ettore perozzi CV

Comet Hale-Bopp

Comets are traditionally divided into two distinct populations: Short-Period and Long-Period Comets, depending whether their period of revolution is in excess of 200 years. The study of the orbital evolution of comets and the hypothesis on their origin, has now clearly shown that this distinction is somehow arbitrary - being driven by observational needs (i.e. their re-appearance in historical times). The possibility that comets are original samples of the pristine materials from which planets were formed (the so-called "planetesimals") re-entering the Solar System after a long and complex dynamical history, was first pointed out by Jan Oort at the beginning of our century. He also hypothised the existence of a distant reservoir of comets - now known as the Oort Cloud - from which individual objects are removed by stellar and galactic perturbations. This model could explain the orbital characteristics of Long-Period and "new" comets (i.e. those passing for the first time close to the Sun on nearly parabolic orbits) but not the observed overabundance of Short-Period comets in low eccentricity and inclination orbits. The discovery of the first Trans-Neptunian Object (TNO) in 1992 and the many others found so far, has eventually brought evidence of the existence of a preferred source region of Short-Period Comets just beyond the orbit of Neptune..

The Long-Term Evolution Project studies in detail the past and future orbital evolution of the whole Short-Period Comet population. The aim of the project, carried out in close collaboration between the Planetology Branch of the Space Astrophysics Institute of CNR and the Department of Interplanetary Matter of the Astronomical Institute of the Slovak Academy of Sciences, is to create a statistically significant sample of cometary orbital evolutions.
The orbit of each comet is integrated numerically using an high-precision method in the full N-body problem, including the perturbation of all planets for 800 years roughly centered at the present epoch.

Among the many peculiar events found, such as close encounters and resonance trapping, it has been possible to trace back the breakup of a cometary nucleus, due to the striking similarity of the orbital evolution of comets Van Biesbroeck and Neujimin 3 prior to an encounter with Jupiter in 1850. Subsequent developments focus on the characteristics of the so-called Halley-type comets, identifying the occurrence of frequent librations around high order resonances with Jupiter. A study devoted to comet P/Halley allows to put a lower limit (about 11.000 years) to the presence of the comet in its present orbit. LTEP orbital evolutions (132 as to January 1985), were published as an Atlas by Adam-Higer ltd in 1985 and subsequently updated on-line.

The complex physical and dynamical evolution undergone by Short-Period comets (witnessed by the images of Halley's dark-crusted nucleus sent by the Giotto spacecraft in 1986 or the spectacular break-up of comet Shoemaker-Levy 9 around Jupiter in 1997) has put into question their consistency as representative "primitive bodies" of the Solar System. Therefore Long-Period and "new" comets can be considered as better targets for direct exploration. Unfortunately their appearances are rare and unpredictable, thus making the planning of a conventional space mission (which needs the target being known well in advance) a rather difficult task. The recent advances in small satellite and launchers technology, as well as in the sensitivity of ground based telescopes for early discovery and follow-up, allows to show that missions toward long-period and "new" comets are now in principle feasible. The LOCO (Long-Period Comet Observer) proposal addresses this problem and discusses the case of the two bright comets of 1996 and 1997 - Hale-Bopp and Hyakutake.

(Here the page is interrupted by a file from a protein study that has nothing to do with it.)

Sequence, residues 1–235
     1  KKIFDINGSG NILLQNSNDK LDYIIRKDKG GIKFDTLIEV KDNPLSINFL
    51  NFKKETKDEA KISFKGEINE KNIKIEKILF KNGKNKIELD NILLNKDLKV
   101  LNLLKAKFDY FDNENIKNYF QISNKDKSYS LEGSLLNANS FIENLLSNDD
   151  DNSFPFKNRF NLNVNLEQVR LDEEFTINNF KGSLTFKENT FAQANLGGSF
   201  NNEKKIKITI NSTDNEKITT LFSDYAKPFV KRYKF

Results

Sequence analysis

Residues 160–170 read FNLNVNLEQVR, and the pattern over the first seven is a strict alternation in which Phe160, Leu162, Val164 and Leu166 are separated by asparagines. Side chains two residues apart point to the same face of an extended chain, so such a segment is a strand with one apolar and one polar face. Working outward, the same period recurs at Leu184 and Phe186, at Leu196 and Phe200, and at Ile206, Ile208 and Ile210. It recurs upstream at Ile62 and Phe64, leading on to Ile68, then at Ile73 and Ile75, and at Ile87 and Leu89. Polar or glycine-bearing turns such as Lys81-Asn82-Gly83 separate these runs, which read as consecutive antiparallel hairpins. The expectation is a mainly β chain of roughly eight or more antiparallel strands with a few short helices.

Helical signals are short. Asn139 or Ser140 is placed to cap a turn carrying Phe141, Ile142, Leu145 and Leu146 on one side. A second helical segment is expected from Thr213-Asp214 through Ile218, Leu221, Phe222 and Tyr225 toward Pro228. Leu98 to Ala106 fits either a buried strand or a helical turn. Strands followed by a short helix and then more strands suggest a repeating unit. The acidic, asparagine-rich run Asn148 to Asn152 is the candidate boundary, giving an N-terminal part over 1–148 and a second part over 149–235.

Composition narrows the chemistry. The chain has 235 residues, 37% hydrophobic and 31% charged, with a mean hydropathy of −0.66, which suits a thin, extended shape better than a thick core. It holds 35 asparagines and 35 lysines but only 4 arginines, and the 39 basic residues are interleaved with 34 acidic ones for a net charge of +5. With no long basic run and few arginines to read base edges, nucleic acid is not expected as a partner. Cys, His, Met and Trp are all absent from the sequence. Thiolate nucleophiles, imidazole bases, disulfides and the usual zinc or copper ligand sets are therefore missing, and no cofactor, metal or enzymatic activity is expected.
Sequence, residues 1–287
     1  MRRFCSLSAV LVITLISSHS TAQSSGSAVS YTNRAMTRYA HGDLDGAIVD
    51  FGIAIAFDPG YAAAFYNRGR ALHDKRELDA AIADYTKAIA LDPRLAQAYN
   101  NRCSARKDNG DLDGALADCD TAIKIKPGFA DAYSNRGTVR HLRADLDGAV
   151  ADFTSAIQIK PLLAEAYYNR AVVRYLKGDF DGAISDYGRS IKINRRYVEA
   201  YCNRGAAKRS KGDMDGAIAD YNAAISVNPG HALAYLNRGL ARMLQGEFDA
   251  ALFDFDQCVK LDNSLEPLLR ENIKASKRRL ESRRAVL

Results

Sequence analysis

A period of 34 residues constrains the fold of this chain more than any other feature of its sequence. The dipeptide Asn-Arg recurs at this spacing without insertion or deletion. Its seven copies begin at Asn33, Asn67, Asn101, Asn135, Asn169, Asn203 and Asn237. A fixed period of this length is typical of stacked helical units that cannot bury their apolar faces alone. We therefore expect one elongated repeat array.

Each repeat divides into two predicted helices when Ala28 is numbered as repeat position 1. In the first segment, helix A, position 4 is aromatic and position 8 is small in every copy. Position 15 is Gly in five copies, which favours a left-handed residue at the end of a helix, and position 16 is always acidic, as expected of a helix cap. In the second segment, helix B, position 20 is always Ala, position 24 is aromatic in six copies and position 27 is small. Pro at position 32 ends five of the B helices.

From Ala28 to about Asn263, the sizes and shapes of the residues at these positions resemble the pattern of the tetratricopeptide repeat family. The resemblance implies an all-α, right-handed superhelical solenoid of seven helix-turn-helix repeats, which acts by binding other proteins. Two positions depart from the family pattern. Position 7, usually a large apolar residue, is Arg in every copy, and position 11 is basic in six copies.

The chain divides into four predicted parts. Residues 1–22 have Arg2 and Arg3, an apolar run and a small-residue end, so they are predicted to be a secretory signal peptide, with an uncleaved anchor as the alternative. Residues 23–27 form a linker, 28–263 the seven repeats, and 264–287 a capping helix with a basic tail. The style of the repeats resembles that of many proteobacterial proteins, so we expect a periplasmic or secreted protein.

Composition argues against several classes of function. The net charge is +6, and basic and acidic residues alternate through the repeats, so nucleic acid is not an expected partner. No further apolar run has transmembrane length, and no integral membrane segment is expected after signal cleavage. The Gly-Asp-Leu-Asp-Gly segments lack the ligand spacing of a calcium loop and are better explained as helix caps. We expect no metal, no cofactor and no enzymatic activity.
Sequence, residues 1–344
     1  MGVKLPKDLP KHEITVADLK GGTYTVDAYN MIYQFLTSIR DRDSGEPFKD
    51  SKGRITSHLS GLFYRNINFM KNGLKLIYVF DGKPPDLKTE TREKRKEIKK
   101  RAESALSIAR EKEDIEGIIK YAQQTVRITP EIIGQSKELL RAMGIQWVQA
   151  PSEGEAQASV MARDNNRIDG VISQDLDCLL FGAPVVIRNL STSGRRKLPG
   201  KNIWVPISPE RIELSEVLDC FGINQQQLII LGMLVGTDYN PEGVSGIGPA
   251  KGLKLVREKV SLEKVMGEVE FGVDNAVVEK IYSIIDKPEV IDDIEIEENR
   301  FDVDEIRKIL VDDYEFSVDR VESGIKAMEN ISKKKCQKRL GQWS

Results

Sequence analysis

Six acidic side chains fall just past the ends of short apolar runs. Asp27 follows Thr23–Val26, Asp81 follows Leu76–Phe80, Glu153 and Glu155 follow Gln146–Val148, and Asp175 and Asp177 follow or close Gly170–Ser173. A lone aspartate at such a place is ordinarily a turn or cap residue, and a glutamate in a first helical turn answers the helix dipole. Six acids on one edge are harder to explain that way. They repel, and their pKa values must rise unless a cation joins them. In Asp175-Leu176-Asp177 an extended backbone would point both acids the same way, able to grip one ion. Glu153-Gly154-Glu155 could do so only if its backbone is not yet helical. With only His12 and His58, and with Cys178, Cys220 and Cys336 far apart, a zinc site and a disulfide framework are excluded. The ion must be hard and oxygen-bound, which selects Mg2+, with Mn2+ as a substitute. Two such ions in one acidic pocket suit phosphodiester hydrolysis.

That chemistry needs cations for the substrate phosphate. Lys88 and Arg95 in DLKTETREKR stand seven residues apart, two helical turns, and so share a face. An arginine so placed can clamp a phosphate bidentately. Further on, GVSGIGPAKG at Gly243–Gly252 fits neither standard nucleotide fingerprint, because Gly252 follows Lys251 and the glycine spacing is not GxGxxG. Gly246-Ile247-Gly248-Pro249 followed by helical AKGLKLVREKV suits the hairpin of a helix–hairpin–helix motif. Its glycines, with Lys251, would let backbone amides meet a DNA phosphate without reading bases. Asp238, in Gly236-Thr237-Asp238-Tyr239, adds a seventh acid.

Long-Term Evolution of Short-Period Comets. A. Carusi, L. Kresak, E. Perozzi, G.B. Valsecchi. Adam Hilger Ltd, Bristol and Boston, 1985. abstract
Periodic Comets Van Biesbroek and Neujimin 3. A. Carusi, L. Kresak, E. Perozzi, G.B. Valsecchi. IAU Circular 3940, 1984.
The Long-Term Evolution Project. A. Carusi, L. Kresak, E. Perozzi, G.B. Valsecchi. In proc. 'Dynamics of Comets', IAU Coll.83, A.Carusi & G.B.Valsecchi eds, 203-214, 1985.
First Results of the Integration of Motion of Short-Period Comets over 800 years.
A. Carusi, L. Kresak, E. Perozzi, G.B. Valsecchi. In proc. 'Dynamics of Comets';  IAU Coll.83, A.Carusi & G.B.Valsecchi eds, 319-340, 1985.
High-Order Librations of Halley-Type Comets. A. Carusi, L. Kresak, E. Perozzi, G.B. Valsecchi. Astronomy & Astrophysics 187, 899-905, 1987.
On the Past Orbital History of Comet P/Halley. 
A. Carusi, L. Kresak, E. Perozzi, G.B. Valsecchi. Celestial Mechanics 43, 319-322, 1988.
Small Satellite Missions to Long-Period Comets.
E. Perozzi & E.M. Pittich. In proc. 'Small Satellites Systems and Services', CNES, 181-184, 1992
Small Satellite Missions to Long-Period Comets: The Hale-Bopp Opportunity. E. Perozzi, G. Rondinelli, G. Di Genova, E.M. Pittich, G.B. Valsecchi. Acta Astronautica Vol.39 No 1-4, pp 45-50, 1996.
On Targeting Long-Period and New Comets for Small Satellite Missions. E. Perozzi and V. Fabiani. In proc. 'Space Exploration and Resources Exploitation - Explospace Workshop. ESA WPP-151, P.3.1-P.3.6, 1998



CV  home

Hosted by